"Flight" opens with the worst-case scenario of anyone that boards an airplane. At some 20,000 feet, a commercial airline goes into free-fall, nose-diving to crash in the Georgia countryside. The plane’s pilot, named Whip Whitaker (Denzel Washington), somehow figures out a way of leveling the plane by turning it upside-down, then landing it with just a minimum of lives lost. Whitaker becomes an overnight hero; the problem is that he executed his historic rescue while under the influence of cocaine and alcohol.
Such is the harrowing, first half-hour of Robert Zemeckis’ new film, which follows Whitaker from his waking up in a Florida hotel room, with cocaine and empty miniature bottles of alcohol on the night table, through a rough takeoff through a thunderstorm, followed soon after by the mechanical failure of the plane. It proves to be the movie’s best part, which evolves into a cautionary tale of Whitaker’s denial of his alcoholism and airline officials’ willingness to cover it up. The crash, executed with maximum verisimilitude, is a sequence that you will likely remember, for better or worse, anytime you board an airplane. Like those who never took showers after seeing "Psycho," there may be those who won’t board a plane after seeing "Flight."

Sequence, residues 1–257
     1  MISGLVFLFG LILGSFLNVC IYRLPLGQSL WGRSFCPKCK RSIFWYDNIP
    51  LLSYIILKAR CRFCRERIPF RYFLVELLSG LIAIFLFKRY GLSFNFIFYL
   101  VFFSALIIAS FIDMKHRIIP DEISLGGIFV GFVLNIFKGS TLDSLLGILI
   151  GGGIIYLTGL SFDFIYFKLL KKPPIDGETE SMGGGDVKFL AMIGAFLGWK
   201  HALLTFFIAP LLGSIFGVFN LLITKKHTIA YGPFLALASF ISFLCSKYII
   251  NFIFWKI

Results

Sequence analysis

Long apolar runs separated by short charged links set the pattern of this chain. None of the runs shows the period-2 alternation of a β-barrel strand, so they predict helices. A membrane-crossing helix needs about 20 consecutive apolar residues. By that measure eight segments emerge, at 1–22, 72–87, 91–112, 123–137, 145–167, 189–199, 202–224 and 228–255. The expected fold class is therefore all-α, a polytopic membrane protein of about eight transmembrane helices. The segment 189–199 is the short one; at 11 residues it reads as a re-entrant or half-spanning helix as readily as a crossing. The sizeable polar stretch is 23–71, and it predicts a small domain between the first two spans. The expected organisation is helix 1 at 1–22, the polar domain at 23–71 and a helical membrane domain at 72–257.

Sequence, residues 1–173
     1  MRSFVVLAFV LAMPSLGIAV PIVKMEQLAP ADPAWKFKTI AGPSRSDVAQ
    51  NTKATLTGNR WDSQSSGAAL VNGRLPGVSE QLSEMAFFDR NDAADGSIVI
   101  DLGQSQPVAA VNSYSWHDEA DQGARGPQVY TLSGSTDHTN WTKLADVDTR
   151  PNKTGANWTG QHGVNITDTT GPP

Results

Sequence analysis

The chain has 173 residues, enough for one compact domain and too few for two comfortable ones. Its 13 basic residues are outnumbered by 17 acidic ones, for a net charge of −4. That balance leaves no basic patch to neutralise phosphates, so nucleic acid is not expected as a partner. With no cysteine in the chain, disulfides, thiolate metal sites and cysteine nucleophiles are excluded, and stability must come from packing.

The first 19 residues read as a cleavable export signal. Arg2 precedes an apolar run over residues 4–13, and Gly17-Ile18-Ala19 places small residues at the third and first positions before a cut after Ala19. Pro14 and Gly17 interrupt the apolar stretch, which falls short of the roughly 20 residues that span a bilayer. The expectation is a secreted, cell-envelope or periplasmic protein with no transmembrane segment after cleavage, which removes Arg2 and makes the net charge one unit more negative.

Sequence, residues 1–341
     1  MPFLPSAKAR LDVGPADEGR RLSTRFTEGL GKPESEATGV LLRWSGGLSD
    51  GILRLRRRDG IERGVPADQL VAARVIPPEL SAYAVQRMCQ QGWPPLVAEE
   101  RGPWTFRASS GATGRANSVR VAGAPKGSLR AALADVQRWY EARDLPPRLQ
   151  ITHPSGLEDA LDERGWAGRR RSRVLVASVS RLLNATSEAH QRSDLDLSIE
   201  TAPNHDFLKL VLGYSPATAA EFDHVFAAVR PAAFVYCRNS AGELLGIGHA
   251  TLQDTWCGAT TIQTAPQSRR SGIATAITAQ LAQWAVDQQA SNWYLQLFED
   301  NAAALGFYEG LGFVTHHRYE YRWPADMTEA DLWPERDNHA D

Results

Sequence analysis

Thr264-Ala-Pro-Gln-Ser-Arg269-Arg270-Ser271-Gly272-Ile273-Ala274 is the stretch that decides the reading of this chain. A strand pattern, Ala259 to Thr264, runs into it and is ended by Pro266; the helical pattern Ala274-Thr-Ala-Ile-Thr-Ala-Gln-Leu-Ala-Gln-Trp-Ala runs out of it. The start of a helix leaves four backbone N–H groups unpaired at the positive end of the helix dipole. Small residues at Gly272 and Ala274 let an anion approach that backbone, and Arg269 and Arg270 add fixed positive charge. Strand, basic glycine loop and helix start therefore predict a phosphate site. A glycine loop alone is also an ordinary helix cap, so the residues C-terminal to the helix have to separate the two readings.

The incident brings to mind the historic landing in 2009 when a U.S. air pilot ( Capt. Chesley B. "Sully" Sullenberger) brought down a jet in the Hudson River off Manhattan. Like Sullenberger, Whitaker gets his 15-minutes of fame. The rub is that, unlike Sullenberger, his drug and alcohol toxicology report confirm that he was high and drunk, which would be cause for him to lose his pilot’s license and gain jail time despite his heroics. As it turns out, airline officials aren’t interested in this information being made public and convince Whitaker to take part in a cover-up. The toxicology reports will be ruled inadmissible when the case is reviewed by a Federal aviation agency; the only question is can Whitaker remain sober long enough not to blow his cover?